Both states backed Republican George Bush in 2004, but they're up for grabs this year, with New Mexico looking especially promising for Democrats.
The Illinois senator was off the campaign trail for a day and a half so he could spend time with his grandmother, who is gravely ill. Obama says he doesn't know if she will live to see Election Day.
Obama spent about seven hours Thursday and Friday with Madelyn Dunham, whom he calls Toot
- a version of the Hawaiian word tutu, or grandparent. His sister, Maya Soetoro-Ng, joined them.
"We're all praying ... but one of the things I want to make sure of is I had a chance to sit down with her and to talk to her," Obama said in an interview with ABC. "She's still alert and she's still got all her faculties. And I want to make sure that I don't miss that opportunity."
While Obama focused on family, he wasn't able to leave the campaign behind entirely.
He traveled the streets of Honolulu, where he was born and spent much of his childhood, in a motorcade of police cars and Secret Service vehicles. A pool of reporters tagged along. Supporters waited in hopes of spotting him for a few seconds.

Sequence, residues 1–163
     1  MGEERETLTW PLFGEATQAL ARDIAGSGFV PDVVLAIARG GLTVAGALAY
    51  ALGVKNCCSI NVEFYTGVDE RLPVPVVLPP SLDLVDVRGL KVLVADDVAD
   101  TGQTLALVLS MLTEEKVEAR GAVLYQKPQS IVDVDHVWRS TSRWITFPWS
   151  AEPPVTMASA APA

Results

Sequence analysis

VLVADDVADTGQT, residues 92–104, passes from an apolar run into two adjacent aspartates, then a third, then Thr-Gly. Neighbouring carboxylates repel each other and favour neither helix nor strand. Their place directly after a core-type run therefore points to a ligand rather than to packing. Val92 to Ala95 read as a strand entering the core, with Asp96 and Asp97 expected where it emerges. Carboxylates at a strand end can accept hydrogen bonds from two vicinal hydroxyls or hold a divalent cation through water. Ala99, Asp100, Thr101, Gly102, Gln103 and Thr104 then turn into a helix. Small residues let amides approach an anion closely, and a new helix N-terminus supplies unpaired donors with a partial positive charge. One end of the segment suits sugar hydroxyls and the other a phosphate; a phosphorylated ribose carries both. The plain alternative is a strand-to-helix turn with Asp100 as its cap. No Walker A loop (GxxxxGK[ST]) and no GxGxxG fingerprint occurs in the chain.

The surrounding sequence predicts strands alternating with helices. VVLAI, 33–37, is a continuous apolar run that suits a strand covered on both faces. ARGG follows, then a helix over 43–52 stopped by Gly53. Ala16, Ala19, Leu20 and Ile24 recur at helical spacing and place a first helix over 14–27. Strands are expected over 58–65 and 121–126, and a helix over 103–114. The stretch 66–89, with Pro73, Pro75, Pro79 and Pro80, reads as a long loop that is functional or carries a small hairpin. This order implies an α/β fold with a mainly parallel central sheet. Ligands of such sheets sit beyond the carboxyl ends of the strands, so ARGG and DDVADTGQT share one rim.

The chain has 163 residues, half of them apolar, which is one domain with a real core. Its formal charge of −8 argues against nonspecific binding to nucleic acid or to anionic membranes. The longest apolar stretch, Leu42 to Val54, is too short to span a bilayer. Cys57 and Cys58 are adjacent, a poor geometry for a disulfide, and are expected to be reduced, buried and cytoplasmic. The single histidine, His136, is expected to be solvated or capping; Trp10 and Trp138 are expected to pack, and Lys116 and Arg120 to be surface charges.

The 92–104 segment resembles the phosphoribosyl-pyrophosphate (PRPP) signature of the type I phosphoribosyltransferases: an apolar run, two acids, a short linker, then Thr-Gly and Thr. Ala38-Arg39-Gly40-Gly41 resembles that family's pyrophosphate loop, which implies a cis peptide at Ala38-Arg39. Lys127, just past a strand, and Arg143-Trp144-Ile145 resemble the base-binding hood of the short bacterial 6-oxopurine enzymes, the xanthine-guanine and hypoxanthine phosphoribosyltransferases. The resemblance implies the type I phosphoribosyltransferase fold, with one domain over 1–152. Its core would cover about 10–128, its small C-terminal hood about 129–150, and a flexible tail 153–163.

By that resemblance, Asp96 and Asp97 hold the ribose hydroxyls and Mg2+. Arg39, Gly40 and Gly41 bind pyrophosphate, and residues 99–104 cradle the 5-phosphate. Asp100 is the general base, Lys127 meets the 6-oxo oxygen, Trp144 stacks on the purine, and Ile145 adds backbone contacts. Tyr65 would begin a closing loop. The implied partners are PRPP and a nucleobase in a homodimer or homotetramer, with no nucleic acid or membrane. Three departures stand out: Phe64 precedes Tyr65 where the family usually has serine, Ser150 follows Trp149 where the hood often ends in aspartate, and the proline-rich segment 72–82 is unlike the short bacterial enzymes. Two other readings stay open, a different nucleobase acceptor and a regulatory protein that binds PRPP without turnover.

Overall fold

Even an attempt to take a quiet walk through his old neighborhood involved guards and a crowd of reporters and cameras, attracting attention from passers-by. Obama, clad in jeans, a black shirt and sandals, quickly gave up on the idea and returned to his grandmother's apartment building in an SUV.
A steady stream of flowers for Dunham arrived throughout the day, and dozens of people gathered, holding signs and T-shirts.
Anita Manzana was among them. She said Obama's decision to spend time with his grandmother shows how humble he is.
"I think family values, to him, are very important," said Manzana, an administrative assistant for a state agency. "He doesn't forget where he came from. His grandmother means a lot to him."
Obama was born in Hawaii, where his Kansas-born mother and Kenyan father met as college students.